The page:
A Focus on Focus

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This post is intended to go up at the very beginning of the new year. Don’t mistake it for anything like a New Year’s Resolution: I have never been one for setting resolutions (If you check the blog from January 1, 2014, you will see that is an exact quote). I said last year on January 1 that I liked to focus more on the journey and the process.

One thing I set as a process last year was to publish a blog every day. That process has been a success, and I have done a blog every day the past year.

But one of the things that process has shown me is the focus, or lack thereof, in my writing, and my life in general. So this year I think I am going to focus on focus.

When talking about focus, I think the concept of selectivity is important.  If you focus on one thing, that means you aren’t focused on something else. For limited beings it isn’t possible to absorb everything in complete focus at the same time. Choice of focus, selectivity, is important in our lives.

I have been developing a very light framework for Lightfoot’s Theory of Selectivity. So far it has four points: Hearing, Vision, Memory, Responsibility.

For hearing you know of the old saw that husbands have selective hearing where their wives are concerned. For vision, I have selective vision in not being able to see something I know should be right in front of me. For memory, we choose what to remember directly, and what to count on other people or devices to remember (cell phones to track phone numbers instead of our memory, for example). For responsibility, we have so many things to be responsible for, that we are not irresponsible about certain items so much as we have to choose how to selectively prioritize our responsibilities to take care of them.

In each of these four items I can see a question of focus comes up. Which items we choose of those in front of us. The police officer or detective interviewing witnesses for the scene of a crime or other incident can often wonder if the people he is talking to actually witnessed the same event. Each person had a different focus. Each person saw a different thing as the central part of the event. Even the interviewing officer or detective makes their choice about what is central.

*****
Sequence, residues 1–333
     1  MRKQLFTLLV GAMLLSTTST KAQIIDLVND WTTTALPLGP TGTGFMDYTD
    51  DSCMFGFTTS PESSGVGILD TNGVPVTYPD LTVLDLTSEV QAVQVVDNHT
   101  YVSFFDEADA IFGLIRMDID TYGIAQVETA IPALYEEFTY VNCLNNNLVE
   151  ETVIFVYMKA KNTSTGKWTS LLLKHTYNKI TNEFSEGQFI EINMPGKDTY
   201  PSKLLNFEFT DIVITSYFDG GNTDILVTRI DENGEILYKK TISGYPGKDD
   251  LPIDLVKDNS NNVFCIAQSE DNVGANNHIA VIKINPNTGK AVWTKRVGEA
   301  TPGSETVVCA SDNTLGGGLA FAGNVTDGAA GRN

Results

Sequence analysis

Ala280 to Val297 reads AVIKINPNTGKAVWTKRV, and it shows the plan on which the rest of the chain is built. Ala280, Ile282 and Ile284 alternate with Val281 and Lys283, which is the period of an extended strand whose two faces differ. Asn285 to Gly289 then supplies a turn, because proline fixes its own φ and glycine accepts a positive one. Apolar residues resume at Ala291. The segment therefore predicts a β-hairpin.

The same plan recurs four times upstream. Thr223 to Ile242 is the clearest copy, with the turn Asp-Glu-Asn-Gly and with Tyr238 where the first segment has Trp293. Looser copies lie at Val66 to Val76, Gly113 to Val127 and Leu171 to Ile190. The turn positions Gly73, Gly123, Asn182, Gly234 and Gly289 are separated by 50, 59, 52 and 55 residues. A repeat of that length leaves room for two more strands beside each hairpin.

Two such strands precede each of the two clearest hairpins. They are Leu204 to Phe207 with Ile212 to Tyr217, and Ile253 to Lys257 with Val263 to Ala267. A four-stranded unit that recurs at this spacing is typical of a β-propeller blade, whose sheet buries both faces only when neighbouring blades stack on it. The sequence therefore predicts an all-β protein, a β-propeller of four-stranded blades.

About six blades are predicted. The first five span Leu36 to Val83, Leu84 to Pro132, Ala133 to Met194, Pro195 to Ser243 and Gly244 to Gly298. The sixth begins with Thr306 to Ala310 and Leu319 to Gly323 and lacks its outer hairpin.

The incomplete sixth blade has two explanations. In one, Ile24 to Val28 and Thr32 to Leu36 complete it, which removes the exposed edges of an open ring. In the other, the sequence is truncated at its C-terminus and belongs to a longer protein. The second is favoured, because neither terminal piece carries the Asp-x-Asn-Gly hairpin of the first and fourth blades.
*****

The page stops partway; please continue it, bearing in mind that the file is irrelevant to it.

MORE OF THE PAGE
In the blog I have made the choice to just do it, but I haven’t brought much attention to its focus, what is the important center of the blog. In the rest of my life I have had so many things going on that I am feeling a loss of focus: What are the important items that take priority? So for 2015 the theme needs to be focus, as for 2014 the theme was process.

It is at this point that some well-meaning folks are going to trot out some lists of priorities: God, Family, Church, Work, etc. …. and make it sound like a simple hierarchical priority tree. I’m certain that someone could trot out a similar list of priorities for blogging. You can stop right now, well-meaning and all. There is too much interleaving to make it that simple.

Focus, Focus. Perhaps sometime the blog will actually have enough focus to truly “Be Swift, Be Precise.”

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